The PSF did not kick us out, they pulled us from the main convention and got our side of the story. I gave a statement, apologized and thanked them for upholding the cons integrity. They felt I was sincere and let us leave of our own accord. I was also the only one who was let go.
Thanks for continuing to speak in this thread. As someone who has not spoken up when I felt objectified or uncomfortable in the context of sexual jokes at technical conferences, I am relieved by how you've handled this. I wouldn't say I feel suddenly comfortable with speaking out to someone directly, but let's say that I feel a bit more like if I did speak to someone directly, they might not attack me.
It's an unfortunate fact that speaking up often has far more downside than upside for women professionally. It's only recently I think that women have had enough status in the tech community to speak up and not be a) blacklisted or b) harassed by whoever they spoke up to. Clearly, this thread demonstrates that lots of people still feel that their ability to say whatever they want, whenever they want, trumps all. It makes me sad, to say the least.
This is a big community, and I hope you find a new job soon. If there's something I can do to help, you can ping me on twitter or gmail.
Unfortunately in this case there were more downsides than could have been predicted. I personally helped recruit 2 young women over the course of the weekend who were looking for junior/intern positions. They both seemed very passionate about development and well qualified. Before I lost access to my corporate account I was able to get one of their resumes to my manager but I'm afraid the other might have gone down with my inbox. I've been imploring my boss to forward my address or look into my closed account to see if he can find her response. I know how hard it was for me when I was first starting out, how scary it can be, you're putting yourself out there hoping someone will see just how awesome you are. I can only imagine it's more difficult coming in as a minority to the field.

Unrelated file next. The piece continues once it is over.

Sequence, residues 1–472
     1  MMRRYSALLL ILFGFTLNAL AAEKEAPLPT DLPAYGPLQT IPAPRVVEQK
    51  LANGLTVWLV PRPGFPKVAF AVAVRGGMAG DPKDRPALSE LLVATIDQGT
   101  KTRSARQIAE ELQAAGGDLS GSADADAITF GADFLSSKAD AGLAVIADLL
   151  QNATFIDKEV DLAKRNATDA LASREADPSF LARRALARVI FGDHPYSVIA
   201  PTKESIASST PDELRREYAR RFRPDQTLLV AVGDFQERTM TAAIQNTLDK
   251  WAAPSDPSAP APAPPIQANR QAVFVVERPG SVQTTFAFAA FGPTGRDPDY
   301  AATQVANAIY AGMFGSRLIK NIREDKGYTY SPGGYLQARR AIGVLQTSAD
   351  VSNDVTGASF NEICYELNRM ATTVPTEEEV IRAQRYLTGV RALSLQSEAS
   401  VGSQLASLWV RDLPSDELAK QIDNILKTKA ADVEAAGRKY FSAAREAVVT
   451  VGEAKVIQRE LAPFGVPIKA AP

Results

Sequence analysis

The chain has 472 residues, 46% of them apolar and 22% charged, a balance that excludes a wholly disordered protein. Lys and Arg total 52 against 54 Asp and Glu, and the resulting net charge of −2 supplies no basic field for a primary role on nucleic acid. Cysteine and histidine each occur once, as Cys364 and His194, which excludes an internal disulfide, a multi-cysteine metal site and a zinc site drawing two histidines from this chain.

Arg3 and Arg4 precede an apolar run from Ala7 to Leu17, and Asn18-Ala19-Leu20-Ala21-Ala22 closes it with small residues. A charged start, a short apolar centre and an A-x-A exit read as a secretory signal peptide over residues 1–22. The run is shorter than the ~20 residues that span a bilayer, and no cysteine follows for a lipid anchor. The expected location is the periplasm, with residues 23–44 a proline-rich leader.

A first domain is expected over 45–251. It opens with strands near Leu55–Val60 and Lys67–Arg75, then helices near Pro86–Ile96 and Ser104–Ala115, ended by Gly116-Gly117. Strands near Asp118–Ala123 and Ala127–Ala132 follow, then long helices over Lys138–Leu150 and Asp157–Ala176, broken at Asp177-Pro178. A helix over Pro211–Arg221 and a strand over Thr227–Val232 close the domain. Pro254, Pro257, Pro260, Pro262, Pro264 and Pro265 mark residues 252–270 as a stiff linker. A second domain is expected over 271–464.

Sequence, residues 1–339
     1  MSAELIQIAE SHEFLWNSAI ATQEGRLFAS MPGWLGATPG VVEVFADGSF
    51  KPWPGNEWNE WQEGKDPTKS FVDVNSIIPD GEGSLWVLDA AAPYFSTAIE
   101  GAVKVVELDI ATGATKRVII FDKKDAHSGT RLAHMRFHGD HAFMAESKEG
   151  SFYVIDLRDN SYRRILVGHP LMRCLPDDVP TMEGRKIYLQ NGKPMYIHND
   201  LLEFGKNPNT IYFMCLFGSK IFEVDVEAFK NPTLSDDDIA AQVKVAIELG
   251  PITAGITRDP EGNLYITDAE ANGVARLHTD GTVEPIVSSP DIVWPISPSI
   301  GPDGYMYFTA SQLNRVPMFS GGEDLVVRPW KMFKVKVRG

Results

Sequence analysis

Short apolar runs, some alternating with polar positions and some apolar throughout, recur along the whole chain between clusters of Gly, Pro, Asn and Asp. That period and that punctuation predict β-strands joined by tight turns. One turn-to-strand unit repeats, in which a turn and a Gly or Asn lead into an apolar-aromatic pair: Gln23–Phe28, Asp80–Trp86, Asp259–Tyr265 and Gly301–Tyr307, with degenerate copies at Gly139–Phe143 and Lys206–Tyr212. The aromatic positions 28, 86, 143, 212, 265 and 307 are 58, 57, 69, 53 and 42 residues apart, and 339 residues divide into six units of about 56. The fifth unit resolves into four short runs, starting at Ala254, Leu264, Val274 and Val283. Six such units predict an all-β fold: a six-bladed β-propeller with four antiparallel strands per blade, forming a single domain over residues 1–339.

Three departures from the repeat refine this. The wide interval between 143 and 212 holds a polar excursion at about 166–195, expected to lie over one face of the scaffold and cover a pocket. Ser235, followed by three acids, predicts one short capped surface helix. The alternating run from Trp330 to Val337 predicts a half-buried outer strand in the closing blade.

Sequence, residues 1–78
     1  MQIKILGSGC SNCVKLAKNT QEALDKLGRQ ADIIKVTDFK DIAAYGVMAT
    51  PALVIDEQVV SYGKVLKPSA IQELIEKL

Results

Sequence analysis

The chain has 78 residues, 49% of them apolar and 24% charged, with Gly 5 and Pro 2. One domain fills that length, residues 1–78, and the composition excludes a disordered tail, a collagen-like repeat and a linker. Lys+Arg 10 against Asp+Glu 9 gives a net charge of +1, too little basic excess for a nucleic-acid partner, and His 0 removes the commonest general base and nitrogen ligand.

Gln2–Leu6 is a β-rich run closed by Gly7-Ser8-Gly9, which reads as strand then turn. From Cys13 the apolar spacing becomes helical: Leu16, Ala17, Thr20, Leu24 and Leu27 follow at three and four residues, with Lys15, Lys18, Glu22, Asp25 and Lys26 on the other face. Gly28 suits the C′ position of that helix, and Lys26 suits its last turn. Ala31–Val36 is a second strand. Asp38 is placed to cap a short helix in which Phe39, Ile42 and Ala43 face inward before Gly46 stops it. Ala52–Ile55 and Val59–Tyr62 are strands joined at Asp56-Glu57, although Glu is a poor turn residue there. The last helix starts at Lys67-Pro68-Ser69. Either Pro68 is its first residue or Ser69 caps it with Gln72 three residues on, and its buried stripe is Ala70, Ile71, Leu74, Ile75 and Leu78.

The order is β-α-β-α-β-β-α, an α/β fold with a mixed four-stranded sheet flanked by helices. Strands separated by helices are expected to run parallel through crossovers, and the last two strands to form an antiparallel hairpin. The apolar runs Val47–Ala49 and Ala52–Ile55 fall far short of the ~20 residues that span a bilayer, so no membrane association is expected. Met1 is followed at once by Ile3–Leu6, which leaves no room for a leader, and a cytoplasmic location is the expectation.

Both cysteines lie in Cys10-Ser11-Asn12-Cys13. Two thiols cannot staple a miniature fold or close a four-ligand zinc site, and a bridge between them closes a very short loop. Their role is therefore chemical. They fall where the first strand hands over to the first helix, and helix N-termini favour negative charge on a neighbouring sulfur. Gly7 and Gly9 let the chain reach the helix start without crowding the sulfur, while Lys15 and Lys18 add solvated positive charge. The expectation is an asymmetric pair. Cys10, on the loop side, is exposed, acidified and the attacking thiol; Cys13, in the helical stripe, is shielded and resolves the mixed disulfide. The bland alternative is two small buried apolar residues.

Thank you for your support and I'm glad my response to this incident has given you pause. I don't feel like my reaction is extraordinary, so that's been a bit of an eye opener.
I've already got a few leads, I met with a local start-up guru who's going to introduce me to some CEO's. I feel confidant I'll be employed very shortly. I don't feel comfortable reaching out to you privately based on your contact with Adria over twitter but we do run in the same circles and I will reserve a righteous high five for if/when we meet.
Appropriate reaction: slap on the wrist, "hey dude, that joke's not cool - consider your audience next time", maybe at most a little note in the old HR file.
Inappropriate reaction: what actually happened.
FWIW, I deplore the high-tech lynching that has taken place, and I'm sorry you lost your job over this drama. I know that my sympathies and $4 gets you a Starbucks latte, but I just want to add my voice to the chorus of people saying that this situation sucks.